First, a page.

First and foremost, good for the Air Force. It is very much their responsibility to take care of and do right by their employees and those employees’ families, and it’s good to see them step up and do so in this way. Having someone in charge who gets it no doubt helps. Of course, it’s an absolute travesty that they feel the need to do this, to protect their employees like this from a threat from state governments. I cannot wrap my head around how quickly and effortlessly we’ve arrived at this place, and I keep waiting for there to be a more substantive resistance to it. Along those lines, it would be nice for the rest of the armed forces to follow the leadership of the Air Force here. If the Army, Navy, Marines, and Coast Guard were speaking with the same voice as the Air Force, maybe we could get some traction against these evil efforts to demonize children and their parents. We really need everyone to do their part.

Texas child welfare workers are resigning

Three guesses why.

Morgan Davis, a transgender man, joined Texas’ child welfare agency as an investigator to be the advocate he never had growing up.

Less than a year later, one of the first cases under Gov. Greg Abbott’s order to investigate parents of transgender children landed on his desk.

His supervisors in the Travis County office of the Texas Department of Family and Protective Services offered to reassign the case, but maybe, he thought, he was the right person for the job.

“If somebody was going to do it, I’m glad it was me,” Davis said.

He hoped it would be reassuring to the family to see a transgender man at the helm of the investigation. But the family’s lawyer didn’t see it that way.

“She said, ‘I know your intentions are good. But by walking in that door, as a representative for the state, you are saying in a sense that you condone this, that you agree with it,’” Davis said.

“It hit me like a thunderbolt. It’s true,” he said. “By me being there, for even a split second, a child could think they’ve done something wrong.”

Davis resigned shortly after. Since the directive went into effect, each member of his four-person unit has put in their notice as well.

[…]

The employees, most of whom spoke on the condition of anonymity to protect their jobs, said they feel conflicted — unwilling to undertake what they see as discriminatory investigations and critical of the agency’s internal response to requests for guidance, but haunted by what a mass exodus of experienced child abuse investigators would mean for the state’s most vulnerable children.

“Things are already slipping through the cracks. … We will see investigations that get closed where intervention could have occurred,” one supervisor said. “And children will die in Texas.”

We know whose fault that will be. Given the criminally abhorrent state that the foster care system is in, it’s also clear how little that Abbott and Paxton and the rest care. I could quote large swaths of this article to illustrate how monstrous this is, how deeply damaging it has been to these kids and their families, and how this already-overburdened agency will be left with fewer experienced caseworkers and investigators as a result, but you should just go read it. And be mad about it.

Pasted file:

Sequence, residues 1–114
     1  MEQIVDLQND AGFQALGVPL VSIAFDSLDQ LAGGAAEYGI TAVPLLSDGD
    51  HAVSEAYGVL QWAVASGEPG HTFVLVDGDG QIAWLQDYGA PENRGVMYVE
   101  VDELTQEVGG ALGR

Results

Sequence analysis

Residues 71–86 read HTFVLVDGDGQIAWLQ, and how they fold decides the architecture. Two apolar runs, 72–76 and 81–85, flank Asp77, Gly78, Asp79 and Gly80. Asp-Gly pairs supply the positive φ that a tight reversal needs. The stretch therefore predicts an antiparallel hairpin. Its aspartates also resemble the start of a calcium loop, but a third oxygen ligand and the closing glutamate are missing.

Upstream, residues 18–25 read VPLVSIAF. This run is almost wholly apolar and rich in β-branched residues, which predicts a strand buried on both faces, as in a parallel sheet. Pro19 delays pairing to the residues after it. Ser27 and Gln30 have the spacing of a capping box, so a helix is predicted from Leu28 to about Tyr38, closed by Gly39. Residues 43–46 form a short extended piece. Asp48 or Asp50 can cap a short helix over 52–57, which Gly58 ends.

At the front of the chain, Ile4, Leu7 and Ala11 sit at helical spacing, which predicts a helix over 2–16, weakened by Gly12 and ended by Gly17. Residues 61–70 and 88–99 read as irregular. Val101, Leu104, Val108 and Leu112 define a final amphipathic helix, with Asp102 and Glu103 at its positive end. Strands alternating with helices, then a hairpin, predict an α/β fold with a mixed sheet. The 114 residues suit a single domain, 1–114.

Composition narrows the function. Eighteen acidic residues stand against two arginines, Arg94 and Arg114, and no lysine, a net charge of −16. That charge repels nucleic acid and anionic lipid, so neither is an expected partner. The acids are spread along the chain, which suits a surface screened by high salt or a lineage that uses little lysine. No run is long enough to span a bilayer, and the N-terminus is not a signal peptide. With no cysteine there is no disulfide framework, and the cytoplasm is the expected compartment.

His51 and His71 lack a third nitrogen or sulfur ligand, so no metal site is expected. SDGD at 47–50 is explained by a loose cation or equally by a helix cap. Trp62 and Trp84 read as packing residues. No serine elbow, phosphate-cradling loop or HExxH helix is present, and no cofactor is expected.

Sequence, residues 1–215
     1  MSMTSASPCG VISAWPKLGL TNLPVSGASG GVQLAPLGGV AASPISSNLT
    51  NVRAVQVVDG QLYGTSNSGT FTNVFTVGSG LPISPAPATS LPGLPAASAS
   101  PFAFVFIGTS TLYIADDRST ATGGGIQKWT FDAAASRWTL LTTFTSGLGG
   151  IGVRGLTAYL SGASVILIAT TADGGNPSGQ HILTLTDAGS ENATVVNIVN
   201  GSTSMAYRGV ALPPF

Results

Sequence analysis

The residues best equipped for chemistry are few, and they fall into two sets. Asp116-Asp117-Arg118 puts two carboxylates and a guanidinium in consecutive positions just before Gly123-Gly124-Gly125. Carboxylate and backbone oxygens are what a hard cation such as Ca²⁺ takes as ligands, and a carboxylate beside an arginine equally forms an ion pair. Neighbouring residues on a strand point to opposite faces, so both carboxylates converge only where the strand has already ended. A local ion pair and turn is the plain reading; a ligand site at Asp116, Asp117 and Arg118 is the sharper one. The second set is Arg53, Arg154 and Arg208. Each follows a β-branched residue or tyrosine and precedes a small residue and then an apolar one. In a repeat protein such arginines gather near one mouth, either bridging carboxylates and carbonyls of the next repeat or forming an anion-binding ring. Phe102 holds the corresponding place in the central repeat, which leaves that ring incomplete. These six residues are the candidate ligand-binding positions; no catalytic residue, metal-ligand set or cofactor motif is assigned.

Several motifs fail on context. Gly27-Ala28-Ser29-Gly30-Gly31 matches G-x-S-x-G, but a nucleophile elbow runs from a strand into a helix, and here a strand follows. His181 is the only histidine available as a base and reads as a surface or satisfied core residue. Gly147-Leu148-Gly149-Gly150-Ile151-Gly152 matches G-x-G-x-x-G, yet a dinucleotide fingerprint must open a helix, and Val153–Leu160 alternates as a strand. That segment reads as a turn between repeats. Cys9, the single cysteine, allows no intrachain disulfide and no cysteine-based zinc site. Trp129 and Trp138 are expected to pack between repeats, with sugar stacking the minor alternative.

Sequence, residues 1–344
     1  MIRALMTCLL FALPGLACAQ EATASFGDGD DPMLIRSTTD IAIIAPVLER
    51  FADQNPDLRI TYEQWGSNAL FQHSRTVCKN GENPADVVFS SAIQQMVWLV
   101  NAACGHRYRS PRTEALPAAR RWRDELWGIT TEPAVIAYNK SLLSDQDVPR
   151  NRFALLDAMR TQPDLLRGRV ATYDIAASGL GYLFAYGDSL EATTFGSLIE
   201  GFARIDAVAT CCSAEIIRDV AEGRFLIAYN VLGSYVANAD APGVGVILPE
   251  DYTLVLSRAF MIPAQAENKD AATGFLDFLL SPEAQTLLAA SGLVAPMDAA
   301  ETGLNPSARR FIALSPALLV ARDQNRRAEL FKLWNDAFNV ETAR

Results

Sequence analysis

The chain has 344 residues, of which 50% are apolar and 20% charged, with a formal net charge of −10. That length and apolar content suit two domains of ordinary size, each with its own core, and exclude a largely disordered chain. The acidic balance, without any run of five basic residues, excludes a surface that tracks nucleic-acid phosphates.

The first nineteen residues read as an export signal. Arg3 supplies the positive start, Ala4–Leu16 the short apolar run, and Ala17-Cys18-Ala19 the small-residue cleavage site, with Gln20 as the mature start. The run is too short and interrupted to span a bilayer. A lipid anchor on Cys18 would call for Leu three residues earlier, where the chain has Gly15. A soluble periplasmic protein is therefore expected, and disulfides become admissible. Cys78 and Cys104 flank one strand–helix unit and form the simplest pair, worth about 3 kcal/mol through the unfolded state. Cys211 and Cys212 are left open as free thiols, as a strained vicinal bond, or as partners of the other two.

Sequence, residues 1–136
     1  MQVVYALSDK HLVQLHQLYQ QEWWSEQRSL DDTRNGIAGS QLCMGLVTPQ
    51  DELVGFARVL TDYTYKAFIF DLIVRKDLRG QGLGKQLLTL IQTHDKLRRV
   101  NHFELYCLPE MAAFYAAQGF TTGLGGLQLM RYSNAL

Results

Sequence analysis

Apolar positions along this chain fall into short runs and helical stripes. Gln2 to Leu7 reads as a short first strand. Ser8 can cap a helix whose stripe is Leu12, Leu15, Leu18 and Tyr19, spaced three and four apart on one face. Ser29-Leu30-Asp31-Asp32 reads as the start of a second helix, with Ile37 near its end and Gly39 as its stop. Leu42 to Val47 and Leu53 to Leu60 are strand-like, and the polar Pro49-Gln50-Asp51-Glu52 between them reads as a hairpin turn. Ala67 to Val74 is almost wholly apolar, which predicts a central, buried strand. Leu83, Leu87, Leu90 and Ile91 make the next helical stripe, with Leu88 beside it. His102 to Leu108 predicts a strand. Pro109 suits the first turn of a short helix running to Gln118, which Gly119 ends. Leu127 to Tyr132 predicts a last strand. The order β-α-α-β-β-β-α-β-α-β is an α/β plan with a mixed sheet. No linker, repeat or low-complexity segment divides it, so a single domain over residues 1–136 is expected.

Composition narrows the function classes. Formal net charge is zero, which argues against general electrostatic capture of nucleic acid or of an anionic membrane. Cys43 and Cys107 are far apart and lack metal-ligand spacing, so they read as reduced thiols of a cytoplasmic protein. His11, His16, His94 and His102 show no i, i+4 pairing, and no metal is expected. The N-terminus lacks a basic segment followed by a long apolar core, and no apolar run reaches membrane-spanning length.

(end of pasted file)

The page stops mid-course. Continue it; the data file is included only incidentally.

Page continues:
Our new school library standards

I am casting a gimlet eye at this, at least for now.

Greg Abbott in the 80s

The Texas Education Agency released statewide standards Monday for how school districts should remove and prevent “obscene content” from entering Texas public school libraries.

In the agency’s model policy, there is an emphasis that parents should have a role in how books are selected. The agency says that districts should make new selections readily available for parents to review. School librarians or staff should be “encouraged” to ask parents what their children can and cannot read.

The new guidelines suggest that school boards have final approval of all new books and that a committee should be put in place to review books if parents file a formal “request for reconsideration.”

To avoid “obscene” content in libraries, the agency reminded school districts that state law spells out that handing out inappropriate materials to minors is a crime. Texas librarians, school administrators and public education advocates have denied allegations that there are “inappropriate” or “pornographic” materials in school libraries or that they’re handing out such content.

The standards are to be used as guidance for school district officials as they develop new procedures or alter their policies for selecting or removing library books. School districts, which are largely independent governmental entities and run by locally elected trustees, are not required to adopt the agency’s recommendations.

The TEA’s new standards come about five months after Gov. Greg Abbott directed that agency, the Texas State Library and Archives Commission and State Board of Education to develop such guidelines. In his directive, Abbott cited two memoirs about LGBTQ characters, which include graphic images and descriptions of sex, that were found in some Texas school libraries.

“There have been several instances recently of inappropriate materials being found in school libraries,” TEA commissioner Mike Morath said Monday in a letter to Abbott. “This model local school board policy will serve as a helpful guide to school boards as they create the policies for their school district libraries.”

In his letter Monday, Morath said that his agency worked with the state’s library and archives commission and the SBOE chair to develop the guidelines.